Isn’t this the same reason why we walk through the doors of any church? No, not exactly. There are many thousands of Latter-day Saint chapels, or meetinghouses, around the world, and of course just like other churches they are treated with reverence and respect. Our buildings typically include a chapel for public Sunday services, classrooms, a basketball court and a kitchen to service recreational activities through the week. For Latter-day Saints, these buildings are part house of worship, part community center and all are welcome to join us in worship and communion.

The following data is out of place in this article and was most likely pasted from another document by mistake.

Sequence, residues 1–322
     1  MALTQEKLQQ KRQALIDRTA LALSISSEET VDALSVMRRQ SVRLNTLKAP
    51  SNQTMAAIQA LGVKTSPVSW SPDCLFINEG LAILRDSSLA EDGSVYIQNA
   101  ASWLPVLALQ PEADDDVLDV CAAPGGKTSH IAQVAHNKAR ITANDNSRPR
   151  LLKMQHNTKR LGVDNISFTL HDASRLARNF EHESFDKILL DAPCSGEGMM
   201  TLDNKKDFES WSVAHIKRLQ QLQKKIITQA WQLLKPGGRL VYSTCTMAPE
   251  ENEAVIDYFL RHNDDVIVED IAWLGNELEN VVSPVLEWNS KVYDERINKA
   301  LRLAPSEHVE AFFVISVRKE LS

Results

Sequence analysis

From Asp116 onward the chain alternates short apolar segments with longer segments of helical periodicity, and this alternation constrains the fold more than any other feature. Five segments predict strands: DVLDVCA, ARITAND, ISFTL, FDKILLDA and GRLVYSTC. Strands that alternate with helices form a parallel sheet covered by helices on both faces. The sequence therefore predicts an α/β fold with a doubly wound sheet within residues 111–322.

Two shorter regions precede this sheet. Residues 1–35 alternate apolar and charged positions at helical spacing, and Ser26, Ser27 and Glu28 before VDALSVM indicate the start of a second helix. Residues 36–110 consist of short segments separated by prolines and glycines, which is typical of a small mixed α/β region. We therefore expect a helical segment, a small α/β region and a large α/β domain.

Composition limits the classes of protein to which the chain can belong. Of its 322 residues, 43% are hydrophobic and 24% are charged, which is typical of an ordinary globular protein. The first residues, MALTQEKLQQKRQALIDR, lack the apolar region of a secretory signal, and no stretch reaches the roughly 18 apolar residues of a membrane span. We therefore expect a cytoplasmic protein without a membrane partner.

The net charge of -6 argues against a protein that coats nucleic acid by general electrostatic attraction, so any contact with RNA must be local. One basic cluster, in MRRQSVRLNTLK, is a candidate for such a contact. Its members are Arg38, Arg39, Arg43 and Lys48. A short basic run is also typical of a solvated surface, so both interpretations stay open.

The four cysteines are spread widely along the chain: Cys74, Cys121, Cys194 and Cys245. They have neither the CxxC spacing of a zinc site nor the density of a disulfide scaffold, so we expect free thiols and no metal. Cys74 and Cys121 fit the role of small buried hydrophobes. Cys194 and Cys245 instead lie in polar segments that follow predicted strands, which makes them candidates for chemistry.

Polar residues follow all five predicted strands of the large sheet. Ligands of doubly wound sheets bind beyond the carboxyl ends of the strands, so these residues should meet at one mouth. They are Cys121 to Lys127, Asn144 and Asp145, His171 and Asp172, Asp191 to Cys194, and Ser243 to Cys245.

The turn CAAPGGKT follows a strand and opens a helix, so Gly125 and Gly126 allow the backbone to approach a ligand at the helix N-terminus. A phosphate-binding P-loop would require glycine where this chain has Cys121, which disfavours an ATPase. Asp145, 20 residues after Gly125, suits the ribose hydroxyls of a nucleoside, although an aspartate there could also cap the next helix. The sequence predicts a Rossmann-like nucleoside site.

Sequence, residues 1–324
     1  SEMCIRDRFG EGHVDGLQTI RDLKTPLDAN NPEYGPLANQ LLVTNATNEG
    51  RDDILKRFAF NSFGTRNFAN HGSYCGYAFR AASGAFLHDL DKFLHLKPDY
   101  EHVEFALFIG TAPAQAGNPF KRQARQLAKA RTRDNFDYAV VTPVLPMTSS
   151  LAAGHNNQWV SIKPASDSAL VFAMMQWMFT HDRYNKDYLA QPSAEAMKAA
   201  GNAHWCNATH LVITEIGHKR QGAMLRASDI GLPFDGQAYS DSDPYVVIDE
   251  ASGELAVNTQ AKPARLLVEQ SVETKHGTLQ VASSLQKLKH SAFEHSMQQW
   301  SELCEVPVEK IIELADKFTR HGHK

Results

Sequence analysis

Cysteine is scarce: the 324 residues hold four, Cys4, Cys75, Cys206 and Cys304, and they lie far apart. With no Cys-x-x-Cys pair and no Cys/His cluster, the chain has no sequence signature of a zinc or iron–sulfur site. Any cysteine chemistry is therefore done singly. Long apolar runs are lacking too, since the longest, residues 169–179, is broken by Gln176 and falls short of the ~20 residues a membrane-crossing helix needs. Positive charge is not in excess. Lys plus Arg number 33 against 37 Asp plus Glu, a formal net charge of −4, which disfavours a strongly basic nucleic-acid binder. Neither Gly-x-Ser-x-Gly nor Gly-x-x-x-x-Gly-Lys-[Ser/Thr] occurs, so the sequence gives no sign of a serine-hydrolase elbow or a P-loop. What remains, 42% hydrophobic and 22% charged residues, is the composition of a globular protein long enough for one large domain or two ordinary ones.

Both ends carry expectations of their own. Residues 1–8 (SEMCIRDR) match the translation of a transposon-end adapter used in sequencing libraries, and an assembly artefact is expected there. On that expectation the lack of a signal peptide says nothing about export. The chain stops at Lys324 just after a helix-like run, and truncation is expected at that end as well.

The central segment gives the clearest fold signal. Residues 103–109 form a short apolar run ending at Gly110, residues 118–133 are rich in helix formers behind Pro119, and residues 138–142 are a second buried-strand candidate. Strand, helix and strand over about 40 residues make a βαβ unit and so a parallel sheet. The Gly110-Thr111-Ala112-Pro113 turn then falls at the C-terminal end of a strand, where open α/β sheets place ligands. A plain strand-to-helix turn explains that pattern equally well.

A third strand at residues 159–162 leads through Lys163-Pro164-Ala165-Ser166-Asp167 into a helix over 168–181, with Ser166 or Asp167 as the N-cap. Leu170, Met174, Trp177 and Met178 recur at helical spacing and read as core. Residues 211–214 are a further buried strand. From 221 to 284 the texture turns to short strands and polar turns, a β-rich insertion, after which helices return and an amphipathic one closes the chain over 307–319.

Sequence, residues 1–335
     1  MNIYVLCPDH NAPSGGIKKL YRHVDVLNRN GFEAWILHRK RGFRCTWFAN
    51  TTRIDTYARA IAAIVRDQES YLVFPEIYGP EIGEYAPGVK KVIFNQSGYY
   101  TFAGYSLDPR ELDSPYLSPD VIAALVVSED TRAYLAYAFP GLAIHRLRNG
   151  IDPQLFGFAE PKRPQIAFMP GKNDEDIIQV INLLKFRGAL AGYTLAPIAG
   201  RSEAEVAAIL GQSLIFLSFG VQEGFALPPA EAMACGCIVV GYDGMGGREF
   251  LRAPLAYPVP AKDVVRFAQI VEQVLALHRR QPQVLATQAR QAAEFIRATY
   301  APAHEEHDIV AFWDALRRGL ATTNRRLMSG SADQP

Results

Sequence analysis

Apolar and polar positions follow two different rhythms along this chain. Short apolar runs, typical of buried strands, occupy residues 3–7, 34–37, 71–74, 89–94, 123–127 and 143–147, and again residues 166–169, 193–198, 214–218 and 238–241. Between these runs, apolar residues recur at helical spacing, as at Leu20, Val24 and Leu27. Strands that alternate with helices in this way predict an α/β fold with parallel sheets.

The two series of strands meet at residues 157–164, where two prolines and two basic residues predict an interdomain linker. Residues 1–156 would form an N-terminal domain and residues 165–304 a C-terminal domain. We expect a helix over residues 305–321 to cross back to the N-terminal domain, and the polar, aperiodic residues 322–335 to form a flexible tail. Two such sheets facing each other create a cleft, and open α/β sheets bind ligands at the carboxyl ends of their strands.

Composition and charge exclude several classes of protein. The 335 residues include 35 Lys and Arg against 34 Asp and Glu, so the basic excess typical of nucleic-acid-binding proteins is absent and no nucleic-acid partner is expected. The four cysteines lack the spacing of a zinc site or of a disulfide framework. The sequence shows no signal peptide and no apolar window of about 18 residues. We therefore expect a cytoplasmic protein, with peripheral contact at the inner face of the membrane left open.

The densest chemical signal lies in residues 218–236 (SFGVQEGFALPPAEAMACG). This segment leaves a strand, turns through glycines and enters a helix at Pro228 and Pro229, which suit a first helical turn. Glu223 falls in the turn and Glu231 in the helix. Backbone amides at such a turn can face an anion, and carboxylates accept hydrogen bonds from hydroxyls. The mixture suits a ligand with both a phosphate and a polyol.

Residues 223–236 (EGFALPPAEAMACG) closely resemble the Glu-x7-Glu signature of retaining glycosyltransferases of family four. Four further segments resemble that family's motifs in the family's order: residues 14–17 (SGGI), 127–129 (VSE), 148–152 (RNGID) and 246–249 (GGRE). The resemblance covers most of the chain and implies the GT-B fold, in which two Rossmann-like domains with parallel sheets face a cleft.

No Latter-day Saint would ever regard the temple as a community center. For a temple-going Latter-day Saint, crossing the threshold of a temple is accompanied by a wholly different feeling than walking through the doors of a chapel for Sunday worship. To begin with, we don’t go to the temple on a particular day of the week. There is no schedule for temple attendance and no expectation of frequency beyond a person’s own motivation. Temple attendance is not a matter of calendar but of a personal desire for a higher commitment to God. In a weekly Sunday service, our taking of the “communion,” or “sacrament” as we call it, is an act of reconciliation, a reminder of Jesus Christ’s sacrifice and a symbolic gesture that invites the influence of the Holy Spirit in our lives for the coming week. In the temple, however, “Holiness to the Lord” engenders something more – an understanding that we are not simply going to try to live our faith for another week, but that we are about to make personal promises to God to consecrate and dedicate our whole lives to him.